If you have filed a claim and the defendant has not filed a Defence within 20 days, you can ask the court clerk to note the defendant in default. You do this by filing a Request to Clerk form. When a defendant has been noted in default you can ask the court to order them to pay money to you. This can be done by:
- Asking the court clerk to sign default judgment for a specified sum of money for that you must fill out and file a Default Judgment form; or
- Asking a judge to order default judgment. To do this, you file a Notice of Motion and Supporting Affidavit form. Explain the facts supporting your motion.
If it is a defended small court procedure, both parties should go for a settlement conference – a meeting with the parties and a judge to try to find an answer to the case that all parties can agree to. It must be held no later than 90 days after the first Defence is filed. There is a special rule for claims that are less than $2,500. The parties can agree to have a judge decide the case at the settlement conference. To agree to this, the parties must fill out a Consent form. The judge would decide the case at the settlement conference only if the parties could not reach a settlement. If the judge decides the case at the settlement conference, the case ends and there is no trial. At the trial each party tells their side of the story and the judge makes a decision.
What You Need to Consider BEFORE making Promissory Note claim in Small Claims Court:
- Ask yourself if a lawsuit that you are going to start will be worth it.
- You will need the correct legal name of the person or business and a current residential or business address.
- Information you need to have to support your Small Claims Court case: You will have to prove your case. Any written evidence, documents, photographs and other that you intend to use to support your claim must be attached to the Plaintiff’s Claim form.
- Time you have to spend: Can you take days off at work to file your claim, deliver documents, and attend in court for a trial? Are you willing to spend hours and hours for: 1) researching all guides on filing your claim; 2) researching all applicable Small Claims Court procedures and steps; 3) reading legislation on-line, for example the Limitations Act?
- Consider having help from CPsolutions: keep in mind, court staff cannot provide you with legal advice or help you to complete all necessary forms. Do not relay on information from relatives and friends, unless they are lawyers or paralegals.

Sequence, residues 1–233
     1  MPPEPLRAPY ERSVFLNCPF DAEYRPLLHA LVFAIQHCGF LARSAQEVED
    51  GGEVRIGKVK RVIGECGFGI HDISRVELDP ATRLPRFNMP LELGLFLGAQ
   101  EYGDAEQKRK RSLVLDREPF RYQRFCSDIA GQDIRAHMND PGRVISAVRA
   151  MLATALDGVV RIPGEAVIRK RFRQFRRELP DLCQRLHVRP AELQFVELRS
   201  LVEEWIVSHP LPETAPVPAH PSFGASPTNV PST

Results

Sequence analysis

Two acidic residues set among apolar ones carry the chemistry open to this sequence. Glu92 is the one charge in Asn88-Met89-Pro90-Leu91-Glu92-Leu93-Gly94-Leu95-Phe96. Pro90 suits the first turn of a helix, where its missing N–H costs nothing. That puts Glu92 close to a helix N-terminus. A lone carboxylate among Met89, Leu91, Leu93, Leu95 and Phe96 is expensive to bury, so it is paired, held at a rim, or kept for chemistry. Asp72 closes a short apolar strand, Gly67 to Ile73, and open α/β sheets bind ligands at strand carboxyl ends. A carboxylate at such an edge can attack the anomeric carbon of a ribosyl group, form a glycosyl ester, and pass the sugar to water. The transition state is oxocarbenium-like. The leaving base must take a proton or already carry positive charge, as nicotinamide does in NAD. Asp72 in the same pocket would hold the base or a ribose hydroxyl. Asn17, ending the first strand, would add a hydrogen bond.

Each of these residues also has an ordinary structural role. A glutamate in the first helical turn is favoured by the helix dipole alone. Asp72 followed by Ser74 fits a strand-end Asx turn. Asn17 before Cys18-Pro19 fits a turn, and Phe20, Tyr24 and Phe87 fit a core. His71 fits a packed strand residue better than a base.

The list of reasons to make a claim for Promissory Note in Small Claims Court can be endless. Although, you do not need a lawyer or paralegal when you go to Small Claims Court, to have a knowledgeable and experienced party to defend your case is a good idea. Remember, CPsolutions is always ready to help you with your Promissory Note matter. We think that the information above that we have gathered especially for you, has assured you that dealing with Small Claims Court claim is complicated and often is overwhelming even for professionals.
There are 5 reasons why you may consider asking CP Paralegal Services for assistance:
- I have experience and knowledge; I know how to deal with your Promissory Note case in Small Claims Court.
- If you hire CPsolutions to represent you in Small Claims Court for your Promissory Note case, we’ll go to the court office as many times as it necessary, we’ll come to the trial instead of you, and you will not be involved in a stressful process.
- You will not have to ask for a day off at work for filing and serving documents or attend the trial.
- CPsolutions will develop the best possible strategy of your defence.
- We make sure that all evidences are well-organized for your Promissory Note case and all time limits are considered.
Do not make a mistake! Save your time, money and nerves!
Do not forget that the other party is able to respond to your claim and may give evidence that will affect the judge’s view of your Promissory Note case. The particular details and proceedings for a Promissory Note are very technical, tricky and complicated and, more likely, you will need professional assistance.